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Through the Grapevine: A Story with the California Table Grape Commission

When I think of premium California produce, a few key categories come to mind, and vying for the top spot on that list is always the Golden State’s table grape industry. Celebrating this coveted industry and helping to elevate the category to new heights, the California Table Grape Commission is ramping up its efforts to bring a unique grape experience to produce departments and kitchen tables here in the States and across the globe.

Commission President Kathleen Nave joins me to chat about the commission’s efforts and how, sometimes, the numbers can do all the talking.

Kathleen Nave, President, California Table Grape Commission“California produces 99 percent of the table grapes grown commercially in the U.S., truly making the state America’s local grape provider. A majority of the crop is consumed domestically, and in 2017, that remained true, with 64.2 percent of the crop consumed in the U.S. and 35.8 percent consumed in export markets,” Kathleen shares.

In 2017 alone, California table grapes were shipped to 59 countries around the world, with Canada, Mexico, mainland China, the Philippines, Taiwan, and Japan taking the top six volume markets, according to the commission.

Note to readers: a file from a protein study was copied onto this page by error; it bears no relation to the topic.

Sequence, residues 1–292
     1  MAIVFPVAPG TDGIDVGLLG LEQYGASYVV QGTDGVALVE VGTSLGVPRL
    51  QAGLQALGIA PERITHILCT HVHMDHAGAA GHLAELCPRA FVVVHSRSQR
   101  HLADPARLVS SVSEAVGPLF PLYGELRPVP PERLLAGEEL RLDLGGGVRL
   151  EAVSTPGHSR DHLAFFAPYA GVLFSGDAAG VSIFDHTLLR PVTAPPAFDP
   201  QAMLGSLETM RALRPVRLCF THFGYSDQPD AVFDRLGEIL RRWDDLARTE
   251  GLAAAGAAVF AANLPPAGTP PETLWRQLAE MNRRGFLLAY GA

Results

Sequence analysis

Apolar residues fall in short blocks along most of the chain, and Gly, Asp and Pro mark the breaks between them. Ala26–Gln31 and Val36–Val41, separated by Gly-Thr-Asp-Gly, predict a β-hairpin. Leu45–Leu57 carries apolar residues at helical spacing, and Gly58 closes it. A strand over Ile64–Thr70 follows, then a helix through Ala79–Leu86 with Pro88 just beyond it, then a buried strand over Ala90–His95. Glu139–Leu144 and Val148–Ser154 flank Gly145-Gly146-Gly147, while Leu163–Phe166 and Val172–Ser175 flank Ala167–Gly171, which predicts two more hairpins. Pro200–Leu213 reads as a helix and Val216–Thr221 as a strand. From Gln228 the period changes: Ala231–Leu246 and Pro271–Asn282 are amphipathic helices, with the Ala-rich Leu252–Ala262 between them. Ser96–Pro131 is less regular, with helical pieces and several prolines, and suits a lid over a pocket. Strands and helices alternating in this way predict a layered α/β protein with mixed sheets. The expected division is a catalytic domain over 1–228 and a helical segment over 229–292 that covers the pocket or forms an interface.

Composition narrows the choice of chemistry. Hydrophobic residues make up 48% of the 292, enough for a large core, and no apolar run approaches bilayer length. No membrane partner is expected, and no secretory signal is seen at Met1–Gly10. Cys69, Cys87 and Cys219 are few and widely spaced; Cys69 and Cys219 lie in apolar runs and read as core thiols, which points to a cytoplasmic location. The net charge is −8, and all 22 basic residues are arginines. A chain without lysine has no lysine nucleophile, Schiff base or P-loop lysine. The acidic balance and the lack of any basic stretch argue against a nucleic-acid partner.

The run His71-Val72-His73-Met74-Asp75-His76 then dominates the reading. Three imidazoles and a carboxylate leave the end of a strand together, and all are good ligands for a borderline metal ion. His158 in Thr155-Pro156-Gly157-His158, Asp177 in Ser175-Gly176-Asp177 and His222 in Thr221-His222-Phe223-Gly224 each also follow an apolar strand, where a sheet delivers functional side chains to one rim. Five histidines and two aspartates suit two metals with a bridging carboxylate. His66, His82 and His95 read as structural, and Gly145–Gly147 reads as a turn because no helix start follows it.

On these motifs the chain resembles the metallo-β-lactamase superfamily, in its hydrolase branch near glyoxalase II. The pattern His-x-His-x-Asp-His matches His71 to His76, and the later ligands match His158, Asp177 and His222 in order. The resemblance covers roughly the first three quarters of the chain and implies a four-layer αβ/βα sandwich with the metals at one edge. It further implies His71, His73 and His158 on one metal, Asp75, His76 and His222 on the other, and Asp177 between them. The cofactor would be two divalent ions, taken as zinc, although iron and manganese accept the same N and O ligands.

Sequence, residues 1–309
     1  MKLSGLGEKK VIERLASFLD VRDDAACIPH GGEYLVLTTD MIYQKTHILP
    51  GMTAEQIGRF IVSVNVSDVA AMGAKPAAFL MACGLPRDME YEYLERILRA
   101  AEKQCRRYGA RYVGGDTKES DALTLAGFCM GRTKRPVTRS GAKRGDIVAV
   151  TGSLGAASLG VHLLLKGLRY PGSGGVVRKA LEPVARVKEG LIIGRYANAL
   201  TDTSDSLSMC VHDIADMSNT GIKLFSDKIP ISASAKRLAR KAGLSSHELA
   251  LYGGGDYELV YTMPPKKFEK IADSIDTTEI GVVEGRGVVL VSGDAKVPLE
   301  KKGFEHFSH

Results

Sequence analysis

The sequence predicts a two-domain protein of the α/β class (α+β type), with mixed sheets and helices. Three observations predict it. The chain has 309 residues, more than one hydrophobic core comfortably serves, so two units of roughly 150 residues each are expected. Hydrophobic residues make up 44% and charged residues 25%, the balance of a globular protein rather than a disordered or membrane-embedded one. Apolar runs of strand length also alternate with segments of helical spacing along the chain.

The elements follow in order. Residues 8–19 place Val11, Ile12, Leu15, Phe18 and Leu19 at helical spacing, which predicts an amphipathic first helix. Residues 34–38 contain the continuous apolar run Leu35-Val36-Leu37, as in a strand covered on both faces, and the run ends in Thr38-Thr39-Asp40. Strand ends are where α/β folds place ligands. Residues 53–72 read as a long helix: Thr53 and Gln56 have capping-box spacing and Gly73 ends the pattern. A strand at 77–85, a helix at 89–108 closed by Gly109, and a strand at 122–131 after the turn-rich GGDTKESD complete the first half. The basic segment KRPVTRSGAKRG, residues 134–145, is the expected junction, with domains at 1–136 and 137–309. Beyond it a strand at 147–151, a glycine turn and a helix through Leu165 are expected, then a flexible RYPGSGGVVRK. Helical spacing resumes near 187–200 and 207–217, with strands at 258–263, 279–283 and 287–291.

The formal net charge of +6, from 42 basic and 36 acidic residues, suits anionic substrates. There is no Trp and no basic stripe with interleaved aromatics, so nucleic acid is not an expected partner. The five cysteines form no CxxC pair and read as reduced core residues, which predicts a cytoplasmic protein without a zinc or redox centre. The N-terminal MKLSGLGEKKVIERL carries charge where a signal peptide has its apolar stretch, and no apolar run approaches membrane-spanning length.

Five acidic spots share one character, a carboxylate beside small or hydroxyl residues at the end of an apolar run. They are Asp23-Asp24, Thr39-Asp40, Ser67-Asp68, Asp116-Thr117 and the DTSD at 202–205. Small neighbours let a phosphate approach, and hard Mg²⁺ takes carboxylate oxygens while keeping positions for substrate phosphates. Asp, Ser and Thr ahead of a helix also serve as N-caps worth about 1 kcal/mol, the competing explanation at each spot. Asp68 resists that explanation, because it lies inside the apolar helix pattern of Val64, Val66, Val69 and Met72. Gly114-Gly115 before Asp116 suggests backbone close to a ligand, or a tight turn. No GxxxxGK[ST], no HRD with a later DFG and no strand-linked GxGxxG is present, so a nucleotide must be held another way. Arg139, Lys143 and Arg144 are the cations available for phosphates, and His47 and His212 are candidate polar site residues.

“California as an origin for safe, wholesome, and great-tasting fruit simply resonates with consumers. In the U.S., new research tells us that nine in ten fresh grape purchasers prefer California grapes to those of other origins when price is the same. 68 percent still prefer California grapes to other origins even when priced higher,” Kathleen reveals.

"California produces 99 percent of the table grapes grown commercially in the U.S., truly making the state America’s local grape provider."
—Kathleen Nave, President, California Table Grape Commission


Hovering around 110 million boxes, California table grape volume has been steady for the last four years. California’s extended growing season, May through January, results in the harvest of more than 85 varieties, each of which is unique, according to the commission. The commission has worked to move toward varieties that are more efficient to grow in the last five years, with red grapes still remaining the most produced (49.3 percent of the crop), followed by green grapes (40 percent of the crop) and black grapes (10 percent of the crop), Kathleen notes.

So, what do stats like these mean for retailers who want to tap into the value of the California table grape category?

Keeping grapes front-and-center across multiple platforms, both physical and digital, is key to getting grapes in-basket. With the knowledge that 55 percent of fresh grape purchasers make their decision to buy grapes before going to the store, the commission knows that keeping grapes at the top of consumers’ minds through all forms of media—television, radio, newspapers, magazines, online sites, and social—are routes that should be tapped more and more.